The three sillies

Steven Kellogg

Book - 1999

A young man believes his sweetheart and her family are the three silliest people in the world until he meets three others who are even sillier.

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Picture books
Cambridge, Mass. : Candlewick Press 1999.
1st ed
Item Description
A retelling of The three sillies by Joseph Jacobs.
Physical Description
unpaged : ill
Main Author
Steven Kellogg (-)
Other Authors
Joseph Jacobs, 1854-1916 (-)
Review by Booklist Reviews

Ages 4^-8. Kellogg offers a hilarious picture book about how silly even the most serious of us can sometimes be. A man who goes courting a farmer's daughter decides that the farmer, his wife, and the girl are so incredibly silly, he can't marry the daughter until he finds three sillier people. Only the farm cat seems to have a problem with this snobby plan. The man has no trouble finding silly people wherever he goes, and his wedding day reveals him as the "Silliest silly in the land." The illustrations are so full of detail and humor that each look reveals something new. The book mixes nonsense words such as kangaroof and hoofenheap and sophisticated words such as churl and berserk. There are characters who say, "I sally forth with pants unfurled," and those who spend time "a-thinking." This is a retelling of an 1890s folktale, and the bizarre use of language and grammar makes it feel like oral storytelling at its best. ((Reviewed November 1, 1999)) Copyright 2000 Booklist Reviews

Review by Publishers Weekly Reviews

Kellogg (Paul Bunyan; Johnny Appleseed) here serves up a rollicking farce inspired by a selection from Joseph Jacobs's 19th-century English Fairy Tales, with roots in the Brothers Grimm's "Clever Else." The narrative tells of a gentleman who is courting a farmer's daughter. When first the suitor's sweetheart, then her parents, disappear into the cellar one by one, he discovers the trio "A-sobbing and a-screeching and a-swimming in the cellar full of cider" (for quite a silly reason). He then sets out on horseback to "find three sillies who are even sillier than you three," and after he does, he returns to marry the daughter. Kellogg exploits the oddball scenarios to the fullest as he portrays an old woman trying to boost her cow onto her cottage roof ("to eat the weeds that were a-growing there") and a group of "a-whining, a-whimpering, and a-wailing" villagers who, spying the moon's reflection in a pond, believe it has tumbled from the sky. His riotous ink and watercolor illustrations spill over with preposterous particulars, including the antics and wisecracks of assorted opinionated animals. Presented in balloons, rhyming commentary from a boisterous chorus of townsfolk adds to the cheerful mayhem. Ages 5-10. (Nov.) Copyright 1999 Cahners Business Information.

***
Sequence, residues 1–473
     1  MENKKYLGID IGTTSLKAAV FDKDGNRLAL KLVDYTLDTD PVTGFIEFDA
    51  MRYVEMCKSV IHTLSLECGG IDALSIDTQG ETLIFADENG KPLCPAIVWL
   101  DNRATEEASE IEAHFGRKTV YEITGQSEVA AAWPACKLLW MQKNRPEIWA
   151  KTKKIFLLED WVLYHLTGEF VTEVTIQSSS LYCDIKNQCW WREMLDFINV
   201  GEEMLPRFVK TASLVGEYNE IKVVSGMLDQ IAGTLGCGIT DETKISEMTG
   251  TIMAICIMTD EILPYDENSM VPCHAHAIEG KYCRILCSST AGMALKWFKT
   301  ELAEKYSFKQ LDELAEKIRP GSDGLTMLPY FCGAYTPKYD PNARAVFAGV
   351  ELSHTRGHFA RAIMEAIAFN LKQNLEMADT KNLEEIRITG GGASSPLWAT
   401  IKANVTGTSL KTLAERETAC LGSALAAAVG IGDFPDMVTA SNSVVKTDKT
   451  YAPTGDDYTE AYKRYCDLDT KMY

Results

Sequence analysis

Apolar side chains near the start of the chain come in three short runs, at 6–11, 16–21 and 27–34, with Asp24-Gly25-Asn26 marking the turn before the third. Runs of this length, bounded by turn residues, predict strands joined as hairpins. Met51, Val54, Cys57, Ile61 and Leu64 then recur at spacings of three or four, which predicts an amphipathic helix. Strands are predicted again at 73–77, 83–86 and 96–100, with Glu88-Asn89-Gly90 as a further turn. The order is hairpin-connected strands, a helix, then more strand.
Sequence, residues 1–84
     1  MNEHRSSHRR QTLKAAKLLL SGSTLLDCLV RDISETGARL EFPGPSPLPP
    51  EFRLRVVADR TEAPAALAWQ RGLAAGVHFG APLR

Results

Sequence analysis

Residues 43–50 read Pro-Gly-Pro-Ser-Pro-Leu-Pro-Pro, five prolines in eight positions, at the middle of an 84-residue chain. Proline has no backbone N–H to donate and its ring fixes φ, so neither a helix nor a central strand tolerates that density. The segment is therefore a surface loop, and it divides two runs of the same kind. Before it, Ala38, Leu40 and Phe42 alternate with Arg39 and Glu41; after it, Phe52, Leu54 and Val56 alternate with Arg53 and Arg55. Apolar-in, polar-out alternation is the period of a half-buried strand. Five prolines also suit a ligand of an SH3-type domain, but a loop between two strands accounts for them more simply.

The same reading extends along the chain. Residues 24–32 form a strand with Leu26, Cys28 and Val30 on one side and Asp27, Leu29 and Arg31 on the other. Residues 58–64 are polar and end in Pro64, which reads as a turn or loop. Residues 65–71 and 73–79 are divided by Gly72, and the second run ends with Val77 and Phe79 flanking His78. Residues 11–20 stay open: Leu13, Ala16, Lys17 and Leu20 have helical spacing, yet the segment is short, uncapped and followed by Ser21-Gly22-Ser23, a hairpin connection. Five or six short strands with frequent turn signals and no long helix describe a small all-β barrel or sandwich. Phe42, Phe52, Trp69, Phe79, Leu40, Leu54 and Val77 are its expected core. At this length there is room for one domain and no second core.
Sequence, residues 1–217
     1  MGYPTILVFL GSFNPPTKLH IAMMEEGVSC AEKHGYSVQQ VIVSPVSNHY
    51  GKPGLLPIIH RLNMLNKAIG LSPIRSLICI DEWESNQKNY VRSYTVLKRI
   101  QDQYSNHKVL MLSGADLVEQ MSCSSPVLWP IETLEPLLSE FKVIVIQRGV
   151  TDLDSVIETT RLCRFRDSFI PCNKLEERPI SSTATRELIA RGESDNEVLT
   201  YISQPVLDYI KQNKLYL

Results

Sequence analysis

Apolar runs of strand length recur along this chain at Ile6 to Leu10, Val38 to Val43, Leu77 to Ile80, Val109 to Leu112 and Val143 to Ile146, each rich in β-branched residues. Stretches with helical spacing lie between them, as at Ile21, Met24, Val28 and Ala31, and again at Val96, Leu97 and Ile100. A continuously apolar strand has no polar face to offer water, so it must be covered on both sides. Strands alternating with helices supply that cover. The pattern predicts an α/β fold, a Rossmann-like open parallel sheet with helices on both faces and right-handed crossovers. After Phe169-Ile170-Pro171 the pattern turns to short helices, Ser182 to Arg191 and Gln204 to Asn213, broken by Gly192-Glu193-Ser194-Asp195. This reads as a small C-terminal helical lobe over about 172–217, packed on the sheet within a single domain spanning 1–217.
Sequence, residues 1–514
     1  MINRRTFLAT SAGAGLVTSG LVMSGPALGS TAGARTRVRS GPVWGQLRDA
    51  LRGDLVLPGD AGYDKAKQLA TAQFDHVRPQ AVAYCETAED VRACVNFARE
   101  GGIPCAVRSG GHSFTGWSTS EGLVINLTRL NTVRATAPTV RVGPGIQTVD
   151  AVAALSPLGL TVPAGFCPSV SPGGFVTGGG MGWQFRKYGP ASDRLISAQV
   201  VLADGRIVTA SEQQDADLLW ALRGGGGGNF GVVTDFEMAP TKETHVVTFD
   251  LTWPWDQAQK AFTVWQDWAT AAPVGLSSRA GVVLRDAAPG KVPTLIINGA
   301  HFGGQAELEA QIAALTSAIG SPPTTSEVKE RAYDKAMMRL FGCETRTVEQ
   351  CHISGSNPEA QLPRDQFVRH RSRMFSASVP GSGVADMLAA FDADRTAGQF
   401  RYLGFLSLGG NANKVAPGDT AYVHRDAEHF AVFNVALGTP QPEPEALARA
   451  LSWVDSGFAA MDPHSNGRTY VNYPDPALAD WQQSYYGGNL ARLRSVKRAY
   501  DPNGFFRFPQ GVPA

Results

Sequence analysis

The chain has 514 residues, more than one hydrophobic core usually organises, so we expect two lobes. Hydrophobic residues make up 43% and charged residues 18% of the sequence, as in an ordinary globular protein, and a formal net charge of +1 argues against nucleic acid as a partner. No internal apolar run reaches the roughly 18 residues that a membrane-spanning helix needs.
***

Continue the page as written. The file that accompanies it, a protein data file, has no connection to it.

Review by School Library Journal Reviews

K-Gr 3-In this zany retelling of a familiar folktale, a suitor discovers that his potential betrothed and her family suffer from a severe affliction of the sillies. He sets out on a journey, promising to return only if he can find three people sillier than they are. In rapid succession, he meets an old woman who insists on grazing her cow on the roof, a man with a highly unusual way of donning his trousers, and an entire village of moonstruck fools. He returns to marry and suffers a near (but predictable) tragedy; a resultant pint-sized silly promises a lifetime of outrageous adventures. Kellogg's ink-and-watercolor illustrations are wonderfully suited to the goofy goings-on. From full-page spreads to small boxed action sequences, the bumptious characters and talking animals engage in glorious mayhem. The many visual references to previous stories by Kellogg will delight fans. While the telling itself is simple and straightforward, the dialogue balloons and plentiful asides add greatly to the humor. Kathryn Hewitt's porcine version (Harcourt, 1989) and Paul Galdone's classic (Clarion, 1981) are sedate compared to this rollicking good time. Best shared one-on-one so the myriad details will not be missed.-Carol Ann Wilson, Westfield Memorial Library, NJ Copyright 1999 Cahners Business Information.

Review by Publisher Summary 1

A young man believes his sweetheart and her family are the three silliest people in the world until he meets three others who are even sillier.

Review by Publisher Summary 2

In a retelling of the story by Joseph Jacobs, a young man believes his sweetheart and her family are the three silliest people in the world until he meets three others who are even sillier